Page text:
On appeal from Superior Court of New Jersey, Law Division, Monmouth County, Indictment No. 09-12-2353.
NOT FOR PUBLICATION WITHOUT THE APPROVAL OF THE APPELLATE DIVISION
Before Judges Koblitz and Haas.
After the trial court denied his motion to suppress evidence in connection with Monmouth County Indictment No. 09-12-2353, defendant Kenneth M. Valdes pled guilty to two counts of third-degree burglary. N.J.S.A. 2C:18-2. Pursuant to a plea agreement, the remaining two counts of burglary, two counts of theft and one count of possession of a controlled dangerous substance were dismissed. Also pursuant to the plea agreement, defendant was sentenced to a probationary period. Defendant appeals from the judgment of conviction entered on September 24, 2010. After reviewing the record in light of the contentions advanced on appeal, we affirm the denial of the motion to suppress and remand only for a correction of the judgment of conviction.
The suppression hearing revealed the following facts. At 7:15 a.m. on September 30, 2009, Marlboro Township Police Officer Brian Hammarstrom was dispatched to investigate a car burglary reported by the daughter of the car owner. She described the burglar to the 9-1-1 operator as a young, clean-shaven white man, between the ages of twenty and twenty-five, wearing glasses, a baseball cap, a dark sweatshirt and dark pants, and carrying a backpack. When the witness confronted the young man, he fled on foot.
Fifteen minutes after the burglary report, Hammarstrom arrived at the nearby Cambridge Square shopping plaza, which was situated in the direction the burglar was reported to have fled. There he observed defendant, a young white man, approximately twenty years old, wearing a dark blue sweatshirt and jeans and carrying a computer bag diagonally across his body with the bag portion on his back. He appeared clean-shaven, although on closer inspection he had a thin, "chin strap" strip of facial hair. Hammarstrom approached defendant and "asked him what was going on." Defendant appeared nervous and "fidgety." Hammarstrom asked for identification and observed that defendant had a baseball cap tucked into the hood of his sweatshirt. Both of his pants' legs were wet at the bottom. Defendant said he had walked from a friend's house, a route that would have taken him past the scene of the burglary. After another officer arrived, defendant provided identification. Defendant was then asked to put his hands on the patrol car for the officers' protection, at which time he became argumentative and "took an aggressive stance that was almost like a boxer stance or . . . fighting stance." Hammarstrom then noticed a large bulge in his left rear pocket.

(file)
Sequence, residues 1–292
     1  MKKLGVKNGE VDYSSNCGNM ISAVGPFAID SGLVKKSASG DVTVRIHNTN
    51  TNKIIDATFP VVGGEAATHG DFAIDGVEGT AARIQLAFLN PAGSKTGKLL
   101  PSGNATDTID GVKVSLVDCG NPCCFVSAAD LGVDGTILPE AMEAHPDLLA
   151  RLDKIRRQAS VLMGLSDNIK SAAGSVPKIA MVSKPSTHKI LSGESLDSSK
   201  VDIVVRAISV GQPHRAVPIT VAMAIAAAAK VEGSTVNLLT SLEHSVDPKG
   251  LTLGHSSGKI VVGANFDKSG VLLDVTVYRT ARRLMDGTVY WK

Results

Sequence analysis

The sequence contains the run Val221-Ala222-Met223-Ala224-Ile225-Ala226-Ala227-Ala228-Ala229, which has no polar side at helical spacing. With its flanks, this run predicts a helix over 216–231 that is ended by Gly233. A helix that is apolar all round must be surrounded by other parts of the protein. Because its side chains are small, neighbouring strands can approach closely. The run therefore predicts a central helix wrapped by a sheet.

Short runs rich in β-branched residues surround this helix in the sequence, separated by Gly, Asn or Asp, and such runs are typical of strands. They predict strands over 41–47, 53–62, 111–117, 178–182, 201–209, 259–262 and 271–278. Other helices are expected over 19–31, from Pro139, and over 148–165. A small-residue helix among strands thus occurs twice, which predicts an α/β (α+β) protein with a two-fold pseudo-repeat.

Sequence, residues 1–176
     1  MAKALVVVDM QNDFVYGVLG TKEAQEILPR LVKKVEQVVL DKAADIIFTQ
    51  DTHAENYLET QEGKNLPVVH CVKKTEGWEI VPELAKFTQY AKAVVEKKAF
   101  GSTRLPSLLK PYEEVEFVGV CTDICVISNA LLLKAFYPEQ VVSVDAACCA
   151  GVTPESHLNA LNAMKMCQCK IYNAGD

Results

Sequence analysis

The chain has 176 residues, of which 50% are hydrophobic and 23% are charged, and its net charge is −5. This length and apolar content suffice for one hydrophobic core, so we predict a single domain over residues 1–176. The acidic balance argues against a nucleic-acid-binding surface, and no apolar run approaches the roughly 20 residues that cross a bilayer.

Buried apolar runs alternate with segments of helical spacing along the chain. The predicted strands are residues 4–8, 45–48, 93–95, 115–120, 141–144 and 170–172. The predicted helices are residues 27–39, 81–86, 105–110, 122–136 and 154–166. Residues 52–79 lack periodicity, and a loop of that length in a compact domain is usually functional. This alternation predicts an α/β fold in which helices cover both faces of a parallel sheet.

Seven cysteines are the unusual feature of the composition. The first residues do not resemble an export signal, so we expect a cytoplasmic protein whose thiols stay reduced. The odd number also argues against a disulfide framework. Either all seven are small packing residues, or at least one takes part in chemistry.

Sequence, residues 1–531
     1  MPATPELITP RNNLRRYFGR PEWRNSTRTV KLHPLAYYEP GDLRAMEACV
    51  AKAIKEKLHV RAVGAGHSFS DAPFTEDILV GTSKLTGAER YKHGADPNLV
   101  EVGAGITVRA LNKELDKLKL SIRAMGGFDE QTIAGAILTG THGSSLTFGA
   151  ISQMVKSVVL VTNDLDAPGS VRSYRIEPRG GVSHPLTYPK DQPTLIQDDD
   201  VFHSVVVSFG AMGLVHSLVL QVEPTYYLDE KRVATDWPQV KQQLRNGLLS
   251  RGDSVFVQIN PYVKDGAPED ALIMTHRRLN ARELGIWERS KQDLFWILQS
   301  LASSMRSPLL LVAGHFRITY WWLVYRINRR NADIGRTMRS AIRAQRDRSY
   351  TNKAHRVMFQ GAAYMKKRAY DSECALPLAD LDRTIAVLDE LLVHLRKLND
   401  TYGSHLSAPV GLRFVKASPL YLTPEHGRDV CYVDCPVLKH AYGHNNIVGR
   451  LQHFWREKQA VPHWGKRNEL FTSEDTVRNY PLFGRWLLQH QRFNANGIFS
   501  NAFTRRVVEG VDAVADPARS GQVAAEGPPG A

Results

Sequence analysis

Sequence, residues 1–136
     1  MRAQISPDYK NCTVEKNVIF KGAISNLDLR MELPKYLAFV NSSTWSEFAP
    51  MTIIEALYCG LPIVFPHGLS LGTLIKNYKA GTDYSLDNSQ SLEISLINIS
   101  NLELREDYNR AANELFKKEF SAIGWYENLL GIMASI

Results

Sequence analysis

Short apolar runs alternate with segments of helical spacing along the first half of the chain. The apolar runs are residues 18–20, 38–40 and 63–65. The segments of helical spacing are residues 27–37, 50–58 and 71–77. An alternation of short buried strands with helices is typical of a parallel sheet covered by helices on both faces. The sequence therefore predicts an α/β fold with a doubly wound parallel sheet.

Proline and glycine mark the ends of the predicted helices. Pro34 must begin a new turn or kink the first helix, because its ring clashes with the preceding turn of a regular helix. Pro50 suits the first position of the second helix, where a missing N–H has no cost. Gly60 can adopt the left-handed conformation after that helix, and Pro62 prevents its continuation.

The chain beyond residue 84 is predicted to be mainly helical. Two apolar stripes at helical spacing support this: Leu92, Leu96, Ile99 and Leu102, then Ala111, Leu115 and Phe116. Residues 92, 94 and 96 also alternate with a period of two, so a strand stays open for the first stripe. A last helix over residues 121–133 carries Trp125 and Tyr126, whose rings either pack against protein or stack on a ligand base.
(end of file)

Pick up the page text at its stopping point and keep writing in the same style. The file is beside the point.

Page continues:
Concerned for their safety, the other officer at the scene, Officer Timothy Snyder, patted down defendant and found a pill bottle. As soon as Snyder found the bottle, defendant exclaimed, "Oh, my God, I'm in a lot of trouble." The bottle had no label and contained a glassine bag. Hammarstrom asked defendant what the pill bottle contained and defendant replied "Xanax." When asked if he had a prescription, defendant said no. Defendant was placed under arrest for possession of the Xanax. Various other items, including coins, jewelry and electronic equipment were found on defendant's person and in his bag.
When the eyewitness was brought to the arrest location, she was unable to identify defendant as the burglar.
Defendant raises the following issues on appeal:
POINT I: DEFENDANT'S MOTION TO SUPPRESS SHOULD HAVE BEEN GRANTED.